Strategic change and the coevolution of industry-university relationships : evidence from the forest products industry
Author(s)Pertuzé Salas, Julio Alberto
Massachusetts Institute of Technology. Engineering Systems Division.
Edward M. Greitzer.
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In this thesis we present an analysis of the dynamics of industry-university relationships tracing the origin of the relationship and its changes over time as the firm's strategies evolve. We analyze the strategic trajectories of nine European and North American forest products companies, distilling four generic strategies, and linking those strategies to each company's university relationships as judged by publications records, academic trajectories of the company's personnel, and interviews with company managers. We found that firms are likely to form new university relationships when (1) integrating new positions in the value chain, (2) diversifying their industrial base, or (3) internationalizing the manufacturing base. When firms narrowed their business and geographical scope, however, they reduced university links. We found that building an industry-university relationship was a gradual process. Periods of strategic stability and bidirectional people flows strengthened these relationships. Changes in the firm's CEO, however, signaled modifications in the firm's university relationships. These modifications were contingent on the strategy pursued by the firm and pre-existing industryuniversity systems. Based on those findings, we derive a framework to describe how industry-university relationships evolve with changes in firm strategy. The thesis shows that changes in corporate strategy affect the formation and evolution of university relationships, an idea generalizable to other industries. The strategic change process of forest products firms, however, has features that may be applicable only to large, commodity-grade capital-intensive industries. In particular when confronted by change, forest products firms did not always evolve towards higher positions in the value chain, sometimes moving down this chain divesting internal technological capabilities. These "competency-destroying" cycles tended to coincide with periods of economic downturn. Because of the dissimilarities in the time scale for change, universities can act as "knowledge buffers" for of these cyclical industries, helping firms to regain lost capabilities and allowing corporate technologies time to mature despite changes in firm strategy.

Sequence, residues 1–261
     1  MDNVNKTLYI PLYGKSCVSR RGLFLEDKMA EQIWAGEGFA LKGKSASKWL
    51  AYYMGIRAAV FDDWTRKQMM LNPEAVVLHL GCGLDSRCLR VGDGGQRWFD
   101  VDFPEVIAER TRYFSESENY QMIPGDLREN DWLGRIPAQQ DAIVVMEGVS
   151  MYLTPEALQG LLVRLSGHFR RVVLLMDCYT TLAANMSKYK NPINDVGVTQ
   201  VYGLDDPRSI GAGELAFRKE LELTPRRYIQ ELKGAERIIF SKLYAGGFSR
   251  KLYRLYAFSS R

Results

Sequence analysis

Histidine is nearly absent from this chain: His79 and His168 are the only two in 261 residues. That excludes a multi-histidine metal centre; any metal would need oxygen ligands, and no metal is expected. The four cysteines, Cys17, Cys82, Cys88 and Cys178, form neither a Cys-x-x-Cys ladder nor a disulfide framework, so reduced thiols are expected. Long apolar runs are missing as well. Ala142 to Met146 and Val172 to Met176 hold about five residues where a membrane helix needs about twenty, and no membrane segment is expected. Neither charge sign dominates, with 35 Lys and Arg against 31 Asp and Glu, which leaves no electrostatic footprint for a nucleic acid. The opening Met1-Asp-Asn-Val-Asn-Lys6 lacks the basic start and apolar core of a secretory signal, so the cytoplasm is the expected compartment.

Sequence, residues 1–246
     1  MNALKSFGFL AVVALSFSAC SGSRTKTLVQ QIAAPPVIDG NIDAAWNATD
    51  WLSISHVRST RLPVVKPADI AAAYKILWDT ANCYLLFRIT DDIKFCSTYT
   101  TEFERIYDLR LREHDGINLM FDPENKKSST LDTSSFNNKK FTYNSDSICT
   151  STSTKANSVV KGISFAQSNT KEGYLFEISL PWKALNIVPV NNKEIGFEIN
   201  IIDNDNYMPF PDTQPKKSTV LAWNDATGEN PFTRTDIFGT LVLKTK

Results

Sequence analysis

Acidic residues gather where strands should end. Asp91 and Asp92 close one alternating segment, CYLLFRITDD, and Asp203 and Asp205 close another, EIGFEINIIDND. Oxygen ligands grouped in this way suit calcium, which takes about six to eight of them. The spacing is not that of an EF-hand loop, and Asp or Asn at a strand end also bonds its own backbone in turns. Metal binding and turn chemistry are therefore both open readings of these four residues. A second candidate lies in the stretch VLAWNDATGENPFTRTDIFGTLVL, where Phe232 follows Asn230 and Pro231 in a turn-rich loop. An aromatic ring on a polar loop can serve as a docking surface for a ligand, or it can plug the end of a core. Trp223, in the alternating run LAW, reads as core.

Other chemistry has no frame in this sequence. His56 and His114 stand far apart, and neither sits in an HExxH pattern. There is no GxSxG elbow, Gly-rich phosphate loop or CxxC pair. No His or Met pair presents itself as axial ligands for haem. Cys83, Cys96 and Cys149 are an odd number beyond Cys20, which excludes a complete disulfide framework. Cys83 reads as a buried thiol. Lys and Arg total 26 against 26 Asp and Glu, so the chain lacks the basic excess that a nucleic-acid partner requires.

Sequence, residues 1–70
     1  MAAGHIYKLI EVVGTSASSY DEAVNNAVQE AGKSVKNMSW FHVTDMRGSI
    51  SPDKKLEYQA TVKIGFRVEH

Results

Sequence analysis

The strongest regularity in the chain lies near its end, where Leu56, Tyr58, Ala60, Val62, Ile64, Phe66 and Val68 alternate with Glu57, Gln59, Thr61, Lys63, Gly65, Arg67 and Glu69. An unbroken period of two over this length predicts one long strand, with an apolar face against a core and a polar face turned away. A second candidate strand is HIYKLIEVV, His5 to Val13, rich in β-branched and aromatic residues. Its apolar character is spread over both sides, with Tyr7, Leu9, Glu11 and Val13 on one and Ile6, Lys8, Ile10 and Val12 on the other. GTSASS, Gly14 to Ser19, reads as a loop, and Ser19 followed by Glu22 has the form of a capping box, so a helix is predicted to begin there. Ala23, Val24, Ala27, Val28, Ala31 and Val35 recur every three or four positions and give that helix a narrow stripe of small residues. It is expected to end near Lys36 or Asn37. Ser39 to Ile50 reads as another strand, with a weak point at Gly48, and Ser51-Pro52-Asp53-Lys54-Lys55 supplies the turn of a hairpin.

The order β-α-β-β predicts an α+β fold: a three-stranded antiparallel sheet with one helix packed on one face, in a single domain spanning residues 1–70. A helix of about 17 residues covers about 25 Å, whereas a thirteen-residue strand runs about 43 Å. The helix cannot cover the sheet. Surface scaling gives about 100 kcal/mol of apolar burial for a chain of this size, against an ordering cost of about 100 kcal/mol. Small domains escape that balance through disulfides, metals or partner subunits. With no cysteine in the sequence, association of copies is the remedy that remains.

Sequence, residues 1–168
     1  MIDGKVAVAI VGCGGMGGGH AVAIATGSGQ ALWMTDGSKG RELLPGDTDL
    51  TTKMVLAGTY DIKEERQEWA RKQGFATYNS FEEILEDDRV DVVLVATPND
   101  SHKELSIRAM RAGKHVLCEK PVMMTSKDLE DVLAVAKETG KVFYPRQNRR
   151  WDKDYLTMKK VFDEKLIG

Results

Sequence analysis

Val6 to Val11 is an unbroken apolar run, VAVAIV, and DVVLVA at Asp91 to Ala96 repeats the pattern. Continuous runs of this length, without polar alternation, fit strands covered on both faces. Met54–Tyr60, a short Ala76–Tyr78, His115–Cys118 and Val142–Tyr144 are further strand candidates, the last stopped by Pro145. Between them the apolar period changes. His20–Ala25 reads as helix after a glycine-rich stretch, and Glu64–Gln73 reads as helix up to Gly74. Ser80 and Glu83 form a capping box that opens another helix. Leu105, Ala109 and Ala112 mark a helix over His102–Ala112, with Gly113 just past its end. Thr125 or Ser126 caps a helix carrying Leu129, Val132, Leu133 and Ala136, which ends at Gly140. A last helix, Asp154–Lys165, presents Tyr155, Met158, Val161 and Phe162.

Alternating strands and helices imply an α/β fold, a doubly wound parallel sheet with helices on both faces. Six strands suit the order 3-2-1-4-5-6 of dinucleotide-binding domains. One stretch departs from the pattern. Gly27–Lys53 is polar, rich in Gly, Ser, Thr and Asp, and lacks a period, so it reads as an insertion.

Thesis: Ph. D., Massachusetts Institute of Technology, Engineering Systems Division, 2014.This electronic version was submitted by the student author. The certified thesis is available in the Institute Archives and Special Collections.Cataloged from student-submitted PDF version of thesis.Includes bibliographical references (pages 261-287).
DepartmentMassachusetts Institute of Technology. Engineering Systems Division.
Massachusetts Institute of Technology
Engineering Systems Division.